By Dr Ananya Mandal, MD
The term demyelination refers to loss of the myelin sheath that surrounds and protects axons in the central nervous system.
The myelin sheath covers and insulates these axons, aiding the conduction of electrical signals between nerves. The process of demyelination disrupts this electrical nerve conduction, which leads to symptoms of neurodegeneration. Diseases that are characterized by this loss of myelin are referred to as demyelinating diseases. Some of the symptoms of demyelinating disease include impaired sensation, cognitive decline and impaired memory, movement and balance.
Several conditions lead to demyelination and one of the most well known of the neurodegenerative disorders is multiple sclerosis. Factors that are thought to contribute to the risk for demyelinating diseases include infection, autoimmune disorder, genetic predisposition, and exposure to toxins. Research has also shown that exposure to weed killers and insecticides containing organophosphates can cause demyelination. In addition, neuroleptic agents used in the treatment of psychosis have been shown to cause demyelination.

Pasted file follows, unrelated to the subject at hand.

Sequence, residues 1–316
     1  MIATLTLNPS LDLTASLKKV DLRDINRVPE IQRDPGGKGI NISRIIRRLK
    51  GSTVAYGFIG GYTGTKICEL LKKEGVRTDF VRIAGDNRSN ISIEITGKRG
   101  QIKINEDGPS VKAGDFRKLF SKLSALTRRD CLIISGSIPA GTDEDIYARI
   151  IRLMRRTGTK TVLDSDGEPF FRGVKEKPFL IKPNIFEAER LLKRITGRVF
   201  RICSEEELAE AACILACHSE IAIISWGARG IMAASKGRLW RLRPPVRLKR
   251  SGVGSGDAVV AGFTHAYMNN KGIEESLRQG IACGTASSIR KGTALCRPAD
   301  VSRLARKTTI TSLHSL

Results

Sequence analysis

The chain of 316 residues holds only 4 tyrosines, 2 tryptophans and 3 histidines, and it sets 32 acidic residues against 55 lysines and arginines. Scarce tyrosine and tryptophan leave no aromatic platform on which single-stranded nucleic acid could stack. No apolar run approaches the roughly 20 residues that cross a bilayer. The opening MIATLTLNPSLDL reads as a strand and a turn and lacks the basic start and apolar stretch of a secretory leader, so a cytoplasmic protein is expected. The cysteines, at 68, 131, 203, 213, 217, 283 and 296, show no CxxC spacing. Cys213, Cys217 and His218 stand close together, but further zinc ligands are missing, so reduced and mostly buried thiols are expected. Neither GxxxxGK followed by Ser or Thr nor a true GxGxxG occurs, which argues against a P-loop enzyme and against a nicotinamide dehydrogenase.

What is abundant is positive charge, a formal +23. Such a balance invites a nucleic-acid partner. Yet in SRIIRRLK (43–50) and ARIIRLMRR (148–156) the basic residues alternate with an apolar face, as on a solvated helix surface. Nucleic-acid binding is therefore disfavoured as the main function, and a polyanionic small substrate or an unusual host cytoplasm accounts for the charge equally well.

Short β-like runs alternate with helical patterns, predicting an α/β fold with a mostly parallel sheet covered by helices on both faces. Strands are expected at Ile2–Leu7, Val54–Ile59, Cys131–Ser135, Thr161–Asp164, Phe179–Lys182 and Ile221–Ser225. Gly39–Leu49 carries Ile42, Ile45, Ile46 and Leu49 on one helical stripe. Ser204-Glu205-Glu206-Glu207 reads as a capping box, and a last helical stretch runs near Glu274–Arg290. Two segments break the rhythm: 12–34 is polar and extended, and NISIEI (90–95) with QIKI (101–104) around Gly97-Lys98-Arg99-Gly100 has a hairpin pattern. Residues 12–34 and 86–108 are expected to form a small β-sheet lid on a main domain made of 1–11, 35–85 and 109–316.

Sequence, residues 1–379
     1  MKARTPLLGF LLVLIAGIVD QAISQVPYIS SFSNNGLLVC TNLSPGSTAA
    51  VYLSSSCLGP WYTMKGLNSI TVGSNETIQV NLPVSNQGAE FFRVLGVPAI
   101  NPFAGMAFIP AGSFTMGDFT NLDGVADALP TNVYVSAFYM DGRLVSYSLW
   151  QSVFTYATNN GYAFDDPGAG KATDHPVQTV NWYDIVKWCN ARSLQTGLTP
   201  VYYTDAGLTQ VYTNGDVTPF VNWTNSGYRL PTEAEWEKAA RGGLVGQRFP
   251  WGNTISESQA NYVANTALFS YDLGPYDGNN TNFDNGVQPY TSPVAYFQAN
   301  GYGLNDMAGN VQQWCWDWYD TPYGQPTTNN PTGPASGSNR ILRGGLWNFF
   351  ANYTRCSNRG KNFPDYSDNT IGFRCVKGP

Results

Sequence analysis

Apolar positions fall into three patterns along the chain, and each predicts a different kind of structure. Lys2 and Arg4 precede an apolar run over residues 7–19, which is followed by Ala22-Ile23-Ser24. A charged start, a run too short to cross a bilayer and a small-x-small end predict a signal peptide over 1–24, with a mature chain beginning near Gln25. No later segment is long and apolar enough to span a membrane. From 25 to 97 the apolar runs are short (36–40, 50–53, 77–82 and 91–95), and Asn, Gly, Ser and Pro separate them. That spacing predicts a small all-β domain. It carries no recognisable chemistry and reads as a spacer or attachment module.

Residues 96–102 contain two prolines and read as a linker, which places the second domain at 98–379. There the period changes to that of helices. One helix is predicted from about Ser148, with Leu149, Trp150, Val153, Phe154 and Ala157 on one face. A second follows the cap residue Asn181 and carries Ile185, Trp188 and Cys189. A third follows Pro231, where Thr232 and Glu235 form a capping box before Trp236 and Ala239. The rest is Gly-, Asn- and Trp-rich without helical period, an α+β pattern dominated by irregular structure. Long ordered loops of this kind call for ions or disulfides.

Areas of lipid degeneration in the myelin sheath are referred to as neuritic plaques. These may be variable in size. The residual degenerated myelin sheath is removed by macrophages that gather at the affected site along with lymphocytes. As time progresses, the sites of demyelination become gray and hard (sclerotic) as the white matter is destroyed. Eventually the destruction of the myelin sheath is followed by direct damage to the axon or nerve fibre underneath.
Reviewed by Sally Robertson, BSc
Last Updated: Oct 8, 2014